1. Archive

House of cards

Misfortune is not to be wished on anyone, but it would be hard to findsympathy for Drexel Burnham Lambert, once Wall Street's most profitable firm, which this week became Wall Street's largest bankruptcy. That Drexel was brought down largely by its own invention, the junk bond, is as pure an example of poetic justice as one is ever likely to see.

Junk bonds have become an obscenity with little redeeming social value. With few exceptions, these high-yield, high-risk securities have been used only to plunder healthy corporations, leaving them struggling with debt while the raiders and former shareholders pocketed their swollen profits. The harm to employees, communities and innocent creditors was not considered. With consummate if candid arrogance, Drexel sponsored an annual celebration known as the "Predators' Ball."

"It did far more damage to the system by operating than it will by shutting down," said James Grant, a financial magazine editor, quoted in the New York Times. "The damage was the creation of debt that stood no chance of survival in anything except the balmiest summer economic weather."

The financial markets appear to have digested the Drexel failure with scarcely a hiccup, largely because the values of most junk bonds already were severely depressed. But the fact that there was no generalized panic does not mean the damage was confined to Drexel and its staff. Drexel apparently has defaulted on $150-million still owed to the Securities and Exchange Commission in connection with Drexel's guilty plea to six criminal charges two years ago. The money was to have been turned over to investors who had been defrauded.

Several shaky savings and loan associations are left holding Drexel's paper. Drexel owes $15-million to Miami-based CenTrust, which was seized by regulators this month because junk bonds and reckless spending eroded its capital. When CenTrust and other thrifts are sold or liquidated, the taxpayers will be left holding those Drexel bonds.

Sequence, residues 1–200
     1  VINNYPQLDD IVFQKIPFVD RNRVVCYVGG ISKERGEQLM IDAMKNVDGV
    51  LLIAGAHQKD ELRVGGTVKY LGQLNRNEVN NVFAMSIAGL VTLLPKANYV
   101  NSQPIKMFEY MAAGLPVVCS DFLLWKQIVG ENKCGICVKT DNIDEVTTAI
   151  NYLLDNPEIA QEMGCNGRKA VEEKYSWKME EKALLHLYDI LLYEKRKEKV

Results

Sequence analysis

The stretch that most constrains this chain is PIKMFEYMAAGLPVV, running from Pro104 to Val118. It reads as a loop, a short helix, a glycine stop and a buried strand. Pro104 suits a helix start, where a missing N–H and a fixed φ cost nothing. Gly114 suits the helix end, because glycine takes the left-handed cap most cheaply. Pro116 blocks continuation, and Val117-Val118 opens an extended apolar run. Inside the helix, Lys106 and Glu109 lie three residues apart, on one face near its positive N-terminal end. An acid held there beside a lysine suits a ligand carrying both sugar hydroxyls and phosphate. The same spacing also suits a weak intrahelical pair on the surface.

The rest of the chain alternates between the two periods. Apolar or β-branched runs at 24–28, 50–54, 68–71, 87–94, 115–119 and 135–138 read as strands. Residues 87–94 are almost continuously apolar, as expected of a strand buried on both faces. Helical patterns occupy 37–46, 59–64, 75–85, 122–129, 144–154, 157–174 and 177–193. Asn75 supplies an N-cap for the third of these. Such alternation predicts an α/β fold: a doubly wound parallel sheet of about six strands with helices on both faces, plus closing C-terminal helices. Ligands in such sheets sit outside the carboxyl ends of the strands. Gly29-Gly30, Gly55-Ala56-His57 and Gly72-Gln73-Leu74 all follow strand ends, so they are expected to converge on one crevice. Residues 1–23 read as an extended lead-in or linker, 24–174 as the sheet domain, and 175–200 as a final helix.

The public also is exposed through a number of insurance companies that wrote pension annuities backed by bonds that had been issued or sold by Drexel and other junk bond dealers. Private pensions are guaranteed by a federal agency, the Pension Benefit Guaranty Corp., that may be as woefully underfunded as was the Federal Savings and Loan Insurance Corp. before its fall. The Guaranty Corp. denies that it is responsible for pension annuities, but there are members of Congress who say otherwise. If those annuities fail and the government refuses to help, thousands of innocent workers will lose the pensions they thought they had earned.

A Senate hearing this week brought out that many employers and corporate raiders have been terminating pension funds in order to milk their surpluses. To provide for paying pensions, some of them have been purchasing annuities bought from insurance companies, such as First Executive Corp., of Los Angeles, that invested heavily in junk bonds. First Executive, Drexel's largest customer, is one of five insurers whose junk bond holdings exceed their total capital. High yields from First Executive's junk portfolio enabled it to underprice its competitors, but only so long as the junk bond bubble did not burst.

Where was the Department of Labor when this was going on? Where were the state insurance regulators? And how much more evidence could Congress possibly need to put insurance under federal regulation like the banking and securities industries?

Sen. Howard Metzenbaum, D-Ohio, who chaired the hearing, is proposing stricter pension legislation. But, as usual, congressional action will likely come too late to prevent costly losses and serious hardship.

Drexel's largest creditor turns out to be the man who built its house of cards - Michael R. Milken, the junk bond king who awaits trial on 98 counts of racketeering, fraud and other charges. Drexel still owes him $100-million.

Considering that Milken made more than half a billion dollars the year before he got indicted and fired, he didn't fare too badly. Even poetic justice has its limits.